Quick Changer Oil Change Plug:
I thought this product looked especially interesting, given the annoying F650 sump plug. http://www.cyclegadgets.com/Products/QuickChanger/. I emailed cyclegadgets.com (highly recommended btw, they have very good service) and confirmed that the K plug is 18 x 1.5, and therefore should fit the F (although I did not confirm the shoulder measurement).
Quick Changer Oil Change Plug: The mounting on the F650 would point DOWNWARD (unlike the picture), and I would have a concern about how FAR downward it would protrude (certainly more than the stock bolt), and if it might get "dislodged" by hitting something on the road/trail, since the stock skid pan is poor or no protection for it. Strictly road, I would say it might be feasible; off-road, one rock hit and you're stranded far from home. I haven't needed it yet (so haven't checked further), but I think the local auto part stores sell a rubber plug that you can install in stripped out oil pan threads on cars. Marty #436-Chicago-97 F650F
This a universal sump plug. Since it is too long, I will shorten the rubber by 0.5 cm. The instructions say that it is not recommended to reuse. The final plug after a little trimming is shown in the RH pic. It fits perfectly and (so far) no oil leaks. I've tied one of the wings to the frame, but it is not going to be sufficient if it bumps into something serious. To tell the truth, I didn't even remember that the plug was exposed and not covered by the plastic. This is the reason I opened the wings, to make it shorter in case it was. At the present, I am not planning any off road. gim '97 F650, Waltham, MA. gim'97 F650, Waltham, MA.
I bought my 1997 ST used a couple of month ago and it arrived with a rubber plug in it. The type with a bolt inserted into the centreline. When you tighten the bolt it increases the diameter of the plug filling up the already mostly ruined threads. After my first oil change and 2k miles it is still holds drip-free. Maybe I am willing to invest the sum of $10 for a new one.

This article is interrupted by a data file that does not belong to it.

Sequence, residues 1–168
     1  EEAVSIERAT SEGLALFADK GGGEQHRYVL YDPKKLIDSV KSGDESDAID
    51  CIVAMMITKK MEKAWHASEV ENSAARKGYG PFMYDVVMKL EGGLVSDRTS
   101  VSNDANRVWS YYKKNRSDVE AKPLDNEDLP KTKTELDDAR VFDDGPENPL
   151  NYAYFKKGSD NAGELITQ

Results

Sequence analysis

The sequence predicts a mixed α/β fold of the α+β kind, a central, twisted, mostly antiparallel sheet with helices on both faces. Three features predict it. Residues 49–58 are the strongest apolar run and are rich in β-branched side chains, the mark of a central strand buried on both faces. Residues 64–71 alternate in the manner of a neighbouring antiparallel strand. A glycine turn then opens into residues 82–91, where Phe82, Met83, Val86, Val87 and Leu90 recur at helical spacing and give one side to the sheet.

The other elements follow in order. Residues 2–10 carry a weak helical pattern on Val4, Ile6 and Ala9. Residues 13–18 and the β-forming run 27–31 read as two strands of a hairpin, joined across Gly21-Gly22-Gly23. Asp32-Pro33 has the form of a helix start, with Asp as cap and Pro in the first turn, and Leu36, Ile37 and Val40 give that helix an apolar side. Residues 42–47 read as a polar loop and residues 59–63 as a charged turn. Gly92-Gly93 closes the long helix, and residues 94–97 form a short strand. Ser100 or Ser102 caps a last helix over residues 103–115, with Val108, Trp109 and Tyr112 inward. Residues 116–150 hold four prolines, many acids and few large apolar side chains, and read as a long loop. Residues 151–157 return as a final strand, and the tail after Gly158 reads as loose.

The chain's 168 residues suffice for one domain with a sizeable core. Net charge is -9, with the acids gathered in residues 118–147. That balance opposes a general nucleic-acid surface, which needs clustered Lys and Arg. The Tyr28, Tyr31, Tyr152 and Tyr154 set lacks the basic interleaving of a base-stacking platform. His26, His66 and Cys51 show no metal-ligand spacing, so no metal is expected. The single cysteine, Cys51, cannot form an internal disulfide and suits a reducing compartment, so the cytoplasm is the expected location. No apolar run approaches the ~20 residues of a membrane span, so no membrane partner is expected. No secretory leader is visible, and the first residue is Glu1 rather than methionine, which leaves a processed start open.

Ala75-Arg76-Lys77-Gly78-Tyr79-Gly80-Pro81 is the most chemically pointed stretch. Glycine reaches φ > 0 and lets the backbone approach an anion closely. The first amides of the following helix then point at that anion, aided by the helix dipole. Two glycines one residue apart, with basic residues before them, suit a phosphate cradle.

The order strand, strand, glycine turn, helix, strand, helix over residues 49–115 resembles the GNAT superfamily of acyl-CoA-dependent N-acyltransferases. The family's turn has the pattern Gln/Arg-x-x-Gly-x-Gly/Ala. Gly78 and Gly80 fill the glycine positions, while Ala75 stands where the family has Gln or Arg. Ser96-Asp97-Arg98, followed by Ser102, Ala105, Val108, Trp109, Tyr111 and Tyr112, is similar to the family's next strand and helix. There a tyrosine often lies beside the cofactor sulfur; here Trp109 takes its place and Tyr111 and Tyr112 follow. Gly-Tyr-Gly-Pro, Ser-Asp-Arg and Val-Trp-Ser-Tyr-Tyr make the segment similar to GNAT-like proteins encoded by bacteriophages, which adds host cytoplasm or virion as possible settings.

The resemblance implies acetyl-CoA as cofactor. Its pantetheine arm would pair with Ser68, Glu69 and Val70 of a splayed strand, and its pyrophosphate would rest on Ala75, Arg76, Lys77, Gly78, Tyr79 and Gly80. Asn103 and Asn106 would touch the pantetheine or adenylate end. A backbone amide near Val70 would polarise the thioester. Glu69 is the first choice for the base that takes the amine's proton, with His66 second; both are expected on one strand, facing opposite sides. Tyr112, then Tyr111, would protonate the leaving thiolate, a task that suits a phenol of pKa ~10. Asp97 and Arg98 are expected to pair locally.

You can get those things at any auto parts place. They're called freeze plugs. I think Ace Hardware Stores carry them, too. Flash #412
I use a FEMCO drain plug on my truck and it works great. Fast and no mess. I wouldn’t be surprised if they have one to fit the F650. http://www.femco.nl/engels/html/e_producten.htm. DH #920 SLC, UT
Having noted the frequency of stripped drain plug fittings it dawned on me that someone might have thought to install a permanent fitting that includes a drain valve at the end of a tube or hose. Common on some aircraft engine installations it allows for the drain to be located in a place easy to reach without removing cowlings. In the case of the 650 it would eliminate the need to mess with a fragile fitting. Just cut a piece of safety wire, turn the valve and away she goes. Here is a valve I found while searching the web for drain valves. This one comes in an 18x1.5 configuration. It looks a bit large. Would have to fit in between the case and the skid plate. The part # is F104. It also comes in a version with a nipple for attaching a hose but that is going to make it stick out further. Fumotovalve http://www.fumotovalve.com/ This could be used if a 90 degree fitting was installed in the case with bit of SS tubing and a union to attach the valve. That would probably be the slimmest combination but would require fabricating some parts. The 90 fitting and union should be available as standard parts. The Femco drain valve suggested by DH#920 in the message above might be better if it could be had in the right size. They have a low profile model. BradG 1002, N, CA '01GS